Ethical Issues at Berkshire Hathaway: Controversy Following the Lubrizol Acquisition Deal

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Case Details:

Case Code : BECG127
Case Length : 16 Pages
Period : 2010-2013
Organization : Berkshire Hathaway Inc.
Pub Date : 2013
Teaching Note :Not available
Countries : US; Global
Industry : Diversified

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This case study was compiled from published sources, and is intended to be used as a basis for class discussion. It is not intended to illustrate either effective or ineffective handling of a management situation. Nor is it a primary information source.

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"An ambitious executive appears to have taken advantage of his fortunate position within the Buffett universe to bring his boss a promising acquisition and—hey, why not?—make some cash for himself"

-Paul M. Barrett, Assistant managing editor and senior writer, Bloomberg Businessweek

"The whole notion of Berkshire Hathaway operating on a higher plane was based upon the idea they didn’t just do what was legal, they did what was ethical. When one of your senior officers gets caught with his hand in the jar and you say, ‘Oh it’s legal,’ you’ve kind of blown away that principle of higher standards"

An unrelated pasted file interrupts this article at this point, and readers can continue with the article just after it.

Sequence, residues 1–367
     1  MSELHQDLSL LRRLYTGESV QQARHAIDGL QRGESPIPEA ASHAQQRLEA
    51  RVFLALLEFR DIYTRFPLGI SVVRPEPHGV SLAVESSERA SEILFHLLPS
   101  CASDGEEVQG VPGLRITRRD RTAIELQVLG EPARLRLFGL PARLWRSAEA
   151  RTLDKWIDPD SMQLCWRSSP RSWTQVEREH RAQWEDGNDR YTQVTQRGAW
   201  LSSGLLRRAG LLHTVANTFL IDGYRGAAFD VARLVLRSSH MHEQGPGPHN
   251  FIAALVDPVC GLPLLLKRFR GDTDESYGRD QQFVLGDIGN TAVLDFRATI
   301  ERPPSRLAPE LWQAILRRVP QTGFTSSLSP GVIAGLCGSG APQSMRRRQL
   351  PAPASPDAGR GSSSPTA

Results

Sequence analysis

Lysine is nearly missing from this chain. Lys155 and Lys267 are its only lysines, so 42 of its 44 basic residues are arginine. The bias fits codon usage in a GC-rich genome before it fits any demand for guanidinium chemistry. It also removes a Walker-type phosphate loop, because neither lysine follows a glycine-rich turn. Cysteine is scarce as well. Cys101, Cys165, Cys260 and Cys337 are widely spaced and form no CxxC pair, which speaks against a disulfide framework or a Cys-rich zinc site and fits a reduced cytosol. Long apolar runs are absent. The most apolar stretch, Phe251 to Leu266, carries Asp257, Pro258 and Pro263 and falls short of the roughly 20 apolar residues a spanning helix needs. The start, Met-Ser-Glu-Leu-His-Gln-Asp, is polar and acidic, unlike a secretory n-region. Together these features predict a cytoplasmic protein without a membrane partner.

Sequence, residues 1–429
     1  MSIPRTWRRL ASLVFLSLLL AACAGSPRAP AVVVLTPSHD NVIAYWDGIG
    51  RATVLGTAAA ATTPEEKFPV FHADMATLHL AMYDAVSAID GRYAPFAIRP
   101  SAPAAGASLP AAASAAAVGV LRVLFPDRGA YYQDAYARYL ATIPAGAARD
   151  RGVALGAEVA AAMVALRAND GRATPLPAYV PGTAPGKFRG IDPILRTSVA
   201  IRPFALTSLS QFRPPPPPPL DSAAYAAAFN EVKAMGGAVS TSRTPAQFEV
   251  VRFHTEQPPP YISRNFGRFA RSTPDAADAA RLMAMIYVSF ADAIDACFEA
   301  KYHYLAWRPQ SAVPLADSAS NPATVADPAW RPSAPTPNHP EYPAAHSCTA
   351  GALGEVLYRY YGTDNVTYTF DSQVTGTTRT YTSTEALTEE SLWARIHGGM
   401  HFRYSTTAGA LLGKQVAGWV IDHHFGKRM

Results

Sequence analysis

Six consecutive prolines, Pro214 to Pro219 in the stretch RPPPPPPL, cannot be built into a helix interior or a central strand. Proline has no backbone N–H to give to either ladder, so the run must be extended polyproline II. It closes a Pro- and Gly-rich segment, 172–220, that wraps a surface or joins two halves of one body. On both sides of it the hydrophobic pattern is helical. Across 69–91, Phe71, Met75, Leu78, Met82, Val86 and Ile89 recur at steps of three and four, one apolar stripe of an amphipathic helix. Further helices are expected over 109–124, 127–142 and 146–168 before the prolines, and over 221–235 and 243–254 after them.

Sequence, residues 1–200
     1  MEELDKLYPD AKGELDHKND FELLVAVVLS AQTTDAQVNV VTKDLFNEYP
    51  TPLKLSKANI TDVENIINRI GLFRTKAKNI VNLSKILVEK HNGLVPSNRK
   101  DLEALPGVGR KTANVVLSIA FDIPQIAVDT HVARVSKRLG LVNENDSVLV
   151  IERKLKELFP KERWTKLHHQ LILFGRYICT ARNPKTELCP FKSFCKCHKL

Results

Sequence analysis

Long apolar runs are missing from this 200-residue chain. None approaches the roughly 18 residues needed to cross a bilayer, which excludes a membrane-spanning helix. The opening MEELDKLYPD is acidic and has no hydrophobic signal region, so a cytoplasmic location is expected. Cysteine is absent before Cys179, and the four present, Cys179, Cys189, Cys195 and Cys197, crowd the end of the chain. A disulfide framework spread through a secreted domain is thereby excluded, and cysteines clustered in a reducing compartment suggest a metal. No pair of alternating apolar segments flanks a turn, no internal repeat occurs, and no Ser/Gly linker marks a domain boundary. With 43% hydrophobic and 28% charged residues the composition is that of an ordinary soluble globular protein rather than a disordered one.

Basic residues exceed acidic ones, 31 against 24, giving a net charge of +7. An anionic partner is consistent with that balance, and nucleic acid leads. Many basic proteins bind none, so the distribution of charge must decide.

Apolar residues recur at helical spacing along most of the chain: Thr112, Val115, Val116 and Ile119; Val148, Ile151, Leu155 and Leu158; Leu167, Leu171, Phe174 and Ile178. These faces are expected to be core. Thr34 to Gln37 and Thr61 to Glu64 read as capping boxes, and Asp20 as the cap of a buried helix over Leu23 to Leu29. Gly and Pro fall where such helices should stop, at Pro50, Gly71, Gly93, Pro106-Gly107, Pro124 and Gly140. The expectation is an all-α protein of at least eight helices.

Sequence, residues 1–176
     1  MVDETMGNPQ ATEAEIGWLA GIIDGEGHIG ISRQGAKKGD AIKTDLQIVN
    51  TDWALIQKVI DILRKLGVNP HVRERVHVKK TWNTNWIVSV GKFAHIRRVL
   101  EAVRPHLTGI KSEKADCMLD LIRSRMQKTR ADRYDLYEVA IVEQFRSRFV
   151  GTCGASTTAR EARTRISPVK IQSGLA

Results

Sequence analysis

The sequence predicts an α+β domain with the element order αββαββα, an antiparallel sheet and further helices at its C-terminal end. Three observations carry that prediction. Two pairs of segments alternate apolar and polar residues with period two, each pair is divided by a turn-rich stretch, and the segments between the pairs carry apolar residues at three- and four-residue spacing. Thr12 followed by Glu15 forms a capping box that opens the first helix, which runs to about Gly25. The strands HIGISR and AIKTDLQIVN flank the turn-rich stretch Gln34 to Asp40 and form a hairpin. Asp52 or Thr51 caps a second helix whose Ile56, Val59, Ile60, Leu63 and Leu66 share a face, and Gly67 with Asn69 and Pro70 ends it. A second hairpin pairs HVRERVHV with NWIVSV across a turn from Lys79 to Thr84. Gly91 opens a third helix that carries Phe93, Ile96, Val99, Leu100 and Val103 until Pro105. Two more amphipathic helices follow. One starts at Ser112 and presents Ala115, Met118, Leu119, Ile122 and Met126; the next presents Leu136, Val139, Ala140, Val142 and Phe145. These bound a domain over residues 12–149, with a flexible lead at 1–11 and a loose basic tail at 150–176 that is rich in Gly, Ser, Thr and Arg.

-Cornelius Hurley , in 2011

Berkshire Hathaway Inc. (Berkshire), the conglomerate operating in industries as diverse as insurance, energy, and consumer goods, was known as much for the superior financial returns that it generated for its shareholders as for the avowed principles of its Chairman and CEO, Warren Buffett (Buffett). Buffett had often emphasized that the integrity and reputation of Berkshire mattered more to him than the profits generated by it. However, the moral high ground that Berkshire and its executives often claimed came under a cloud in March 2011 following Berkshire’s acquisition of Lubrizol Corporation (Lubrizol).

Business Ethics Case Studies | Case Study in Management, Operations, Strategies, Business Ethics, Case Studies

David Sokol (Sokol), one of the top executives at Berkshire and considered to be one of the frontrunners to the Berkshire CEO post, resigned abruptly. Sokol had spearheaded Berkshire’s acquisition negotiations with Lubrizol. In the course of the negotiations, Sokol had bought for himself Lubrizol shares valued at roughly US$10 million, shares which were subsequently valued at nearly US$13 million post the Lubrizol acquisition. According to experts, Sokol’s purchase of shares was ethically wrong as he based his decision of share purchase on information he had acquired in the course of the acquisition negotiations. Some experts even alleged that Sokol had engaged in insider-trading. However, in announcing Sokol’s resignation, Buffett came to Sokol’s defense, stating he had done nothing unlawful. The entire Sokol controversy brought to the fore the question of whether the trust based management espoused by Buffett could compensate for the lack of stringent internal controls. It also raised the question of whether Berkshire had succeeded in not compromising on its avowed stance of being ethical under all circumstances, when the actions of some of its key lieutenants came under question.

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